A Film Financing Company Called Ingenious Involves David Beckham And Other Celebrities In $700 Million Tax Scheme
Several celebrities have been named in an alleged '$700 million tax relief scheme.' Her Majesty's Revenue and Customs Agency - an organization responsible for the collection of taxes in the United Kingdom - argued it was a type of tax avoidance.
According to the BBC, some of the famous individuals included Robbie Williams, Phillip Schofield, and David and Victoria Beckham.
There were more than 1,000 people who invested into the financing company, Ingenious, which was created to reorganize funds in the hope of securing tax benefits.
Ingenious - who helped fund movies like Avatar - qualified for tax breaks that were supposed to support the UK film industry, however, the HMRC said Ingenious claimed relief on "artificial losses from its films."
The Her Majesty's Revenue And Customs Agency went on to say the 'schemes' were not real investment opportunities but rather, were a means of avoiding paying the government.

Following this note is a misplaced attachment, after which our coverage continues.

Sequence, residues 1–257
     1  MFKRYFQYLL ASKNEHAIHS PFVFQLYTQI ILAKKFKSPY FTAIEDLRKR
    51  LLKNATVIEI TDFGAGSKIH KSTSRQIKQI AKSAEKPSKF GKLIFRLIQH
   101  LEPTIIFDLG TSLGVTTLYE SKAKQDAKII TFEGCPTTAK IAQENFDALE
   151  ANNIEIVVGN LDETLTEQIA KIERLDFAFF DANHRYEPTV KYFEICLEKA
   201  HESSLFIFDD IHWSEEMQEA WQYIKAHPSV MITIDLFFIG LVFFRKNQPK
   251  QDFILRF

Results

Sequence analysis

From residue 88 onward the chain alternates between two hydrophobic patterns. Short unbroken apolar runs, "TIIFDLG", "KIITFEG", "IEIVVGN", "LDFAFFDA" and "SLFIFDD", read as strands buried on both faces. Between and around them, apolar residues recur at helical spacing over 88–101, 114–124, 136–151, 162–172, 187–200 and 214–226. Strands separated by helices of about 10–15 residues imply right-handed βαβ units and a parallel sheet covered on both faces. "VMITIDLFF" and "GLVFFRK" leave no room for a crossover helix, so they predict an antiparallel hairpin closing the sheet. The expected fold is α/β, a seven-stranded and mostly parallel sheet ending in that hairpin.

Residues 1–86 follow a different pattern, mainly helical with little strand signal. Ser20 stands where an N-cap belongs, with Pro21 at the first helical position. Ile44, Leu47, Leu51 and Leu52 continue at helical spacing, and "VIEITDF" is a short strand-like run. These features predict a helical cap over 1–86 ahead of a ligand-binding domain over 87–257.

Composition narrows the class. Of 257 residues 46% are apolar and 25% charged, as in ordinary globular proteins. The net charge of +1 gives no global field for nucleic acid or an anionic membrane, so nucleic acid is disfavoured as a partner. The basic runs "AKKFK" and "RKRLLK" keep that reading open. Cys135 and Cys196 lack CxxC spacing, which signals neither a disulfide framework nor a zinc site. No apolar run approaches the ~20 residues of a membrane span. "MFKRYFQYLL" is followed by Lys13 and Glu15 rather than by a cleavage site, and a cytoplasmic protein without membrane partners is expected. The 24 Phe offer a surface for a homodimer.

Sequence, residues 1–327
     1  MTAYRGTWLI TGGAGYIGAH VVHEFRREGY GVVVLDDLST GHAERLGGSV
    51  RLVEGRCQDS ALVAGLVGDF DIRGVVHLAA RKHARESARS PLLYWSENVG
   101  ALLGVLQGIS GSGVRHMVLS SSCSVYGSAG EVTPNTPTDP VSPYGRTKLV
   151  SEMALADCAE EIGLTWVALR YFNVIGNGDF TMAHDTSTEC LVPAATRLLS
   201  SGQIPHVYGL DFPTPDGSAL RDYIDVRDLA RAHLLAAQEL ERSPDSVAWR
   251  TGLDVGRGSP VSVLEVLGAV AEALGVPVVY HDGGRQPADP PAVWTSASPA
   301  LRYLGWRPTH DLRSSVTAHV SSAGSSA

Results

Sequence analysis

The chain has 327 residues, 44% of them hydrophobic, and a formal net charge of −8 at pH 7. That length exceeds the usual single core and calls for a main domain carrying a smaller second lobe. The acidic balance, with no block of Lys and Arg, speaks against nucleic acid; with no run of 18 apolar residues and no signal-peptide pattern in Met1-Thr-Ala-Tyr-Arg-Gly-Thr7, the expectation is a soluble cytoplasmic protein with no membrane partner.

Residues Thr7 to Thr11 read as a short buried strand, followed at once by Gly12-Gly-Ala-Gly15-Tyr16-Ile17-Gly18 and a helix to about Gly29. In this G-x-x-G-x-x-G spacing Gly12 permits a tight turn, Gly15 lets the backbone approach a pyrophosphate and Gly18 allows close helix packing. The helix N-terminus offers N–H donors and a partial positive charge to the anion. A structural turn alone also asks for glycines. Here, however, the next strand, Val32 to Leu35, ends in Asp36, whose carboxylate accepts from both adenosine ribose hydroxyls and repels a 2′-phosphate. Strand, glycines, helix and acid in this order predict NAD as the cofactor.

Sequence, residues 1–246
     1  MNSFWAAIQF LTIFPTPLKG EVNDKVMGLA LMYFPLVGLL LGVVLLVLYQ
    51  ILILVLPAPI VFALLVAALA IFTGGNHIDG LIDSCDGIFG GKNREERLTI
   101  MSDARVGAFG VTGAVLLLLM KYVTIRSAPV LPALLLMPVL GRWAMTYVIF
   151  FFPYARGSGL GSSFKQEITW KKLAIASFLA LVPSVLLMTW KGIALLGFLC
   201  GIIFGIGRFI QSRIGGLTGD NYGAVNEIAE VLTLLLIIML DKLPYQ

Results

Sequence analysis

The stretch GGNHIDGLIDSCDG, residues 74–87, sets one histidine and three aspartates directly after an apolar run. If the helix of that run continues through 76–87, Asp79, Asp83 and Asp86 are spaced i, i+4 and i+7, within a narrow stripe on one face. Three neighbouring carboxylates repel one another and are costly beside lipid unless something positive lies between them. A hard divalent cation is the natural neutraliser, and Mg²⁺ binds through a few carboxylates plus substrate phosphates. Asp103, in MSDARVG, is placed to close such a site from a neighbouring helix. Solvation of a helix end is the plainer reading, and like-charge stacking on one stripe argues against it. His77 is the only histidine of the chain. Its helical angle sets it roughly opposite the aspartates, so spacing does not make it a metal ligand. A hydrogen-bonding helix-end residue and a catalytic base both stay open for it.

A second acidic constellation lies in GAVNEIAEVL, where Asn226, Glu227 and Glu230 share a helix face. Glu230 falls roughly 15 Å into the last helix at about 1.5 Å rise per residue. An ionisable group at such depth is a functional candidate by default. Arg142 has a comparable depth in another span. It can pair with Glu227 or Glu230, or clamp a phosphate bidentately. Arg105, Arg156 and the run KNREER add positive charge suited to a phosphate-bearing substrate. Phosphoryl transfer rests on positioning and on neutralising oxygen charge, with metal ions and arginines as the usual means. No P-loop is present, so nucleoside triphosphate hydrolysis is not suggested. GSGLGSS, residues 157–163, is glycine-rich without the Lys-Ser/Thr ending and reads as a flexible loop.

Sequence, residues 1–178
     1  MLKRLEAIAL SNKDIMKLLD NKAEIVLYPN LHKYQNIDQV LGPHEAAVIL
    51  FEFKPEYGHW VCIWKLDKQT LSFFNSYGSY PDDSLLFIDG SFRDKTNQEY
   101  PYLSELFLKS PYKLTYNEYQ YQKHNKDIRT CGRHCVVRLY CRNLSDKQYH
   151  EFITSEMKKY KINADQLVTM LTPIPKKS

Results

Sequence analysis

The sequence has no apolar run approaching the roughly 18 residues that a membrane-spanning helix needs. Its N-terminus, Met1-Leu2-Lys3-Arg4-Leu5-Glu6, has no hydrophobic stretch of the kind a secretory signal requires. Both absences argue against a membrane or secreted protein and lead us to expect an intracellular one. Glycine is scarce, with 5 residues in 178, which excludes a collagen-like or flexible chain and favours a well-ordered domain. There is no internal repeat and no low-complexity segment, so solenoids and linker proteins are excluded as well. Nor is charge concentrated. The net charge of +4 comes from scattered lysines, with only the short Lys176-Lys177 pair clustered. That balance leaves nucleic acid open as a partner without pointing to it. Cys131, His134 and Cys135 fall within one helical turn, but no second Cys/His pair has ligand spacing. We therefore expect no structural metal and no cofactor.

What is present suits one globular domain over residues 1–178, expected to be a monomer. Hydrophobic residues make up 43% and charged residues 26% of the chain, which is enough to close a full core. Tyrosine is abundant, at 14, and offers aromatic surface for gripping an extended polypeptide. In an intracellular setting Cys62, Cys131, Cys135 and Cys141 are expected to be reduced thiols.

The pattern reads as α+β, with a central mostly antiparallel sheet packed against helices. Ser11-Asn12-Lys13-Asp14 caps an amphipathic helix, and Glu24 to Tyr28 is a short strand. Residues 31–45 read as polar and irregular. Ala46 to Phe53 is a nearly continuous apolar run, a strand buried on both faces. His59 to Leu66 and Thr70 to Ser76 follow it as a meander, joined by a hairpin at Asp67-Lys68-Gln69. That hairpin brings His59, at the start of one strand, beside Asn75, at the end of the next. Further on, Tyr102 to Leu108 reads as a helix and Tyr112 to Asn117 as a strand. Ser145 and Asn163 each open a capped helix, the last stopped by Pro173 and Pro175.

Because of the illegitimacy of the claims of Ingenious, a tax tribunal upheld a decision to force the "investors" to pay the money back.
What this means, is that the 1,400 people who were involved will now be obliged to pay significant fines.
The BBC reported that those who invested more than $100,000 were promised to get generous tax reliefs regardless of any losses incurred from the film productions.
Although the investors only neglected to pay $420 million in taxes, the interest on the original amount will bring the total to $700 million.
A spokesperson for the HMRC said they were pleased the tribunal came to the conclusion that the initial tax deductions were not justified.
And how did the 1,400 investors respond to this? According to the British publication, many claimed they were simply 'poorly advised' about the plans and were entirely unaware of the risks. This isn't the first time celebrities have attempted tax evasion. Last year, the HMRC won a case against another company called Icebreaker, that was designed to bring tax credits to its investors.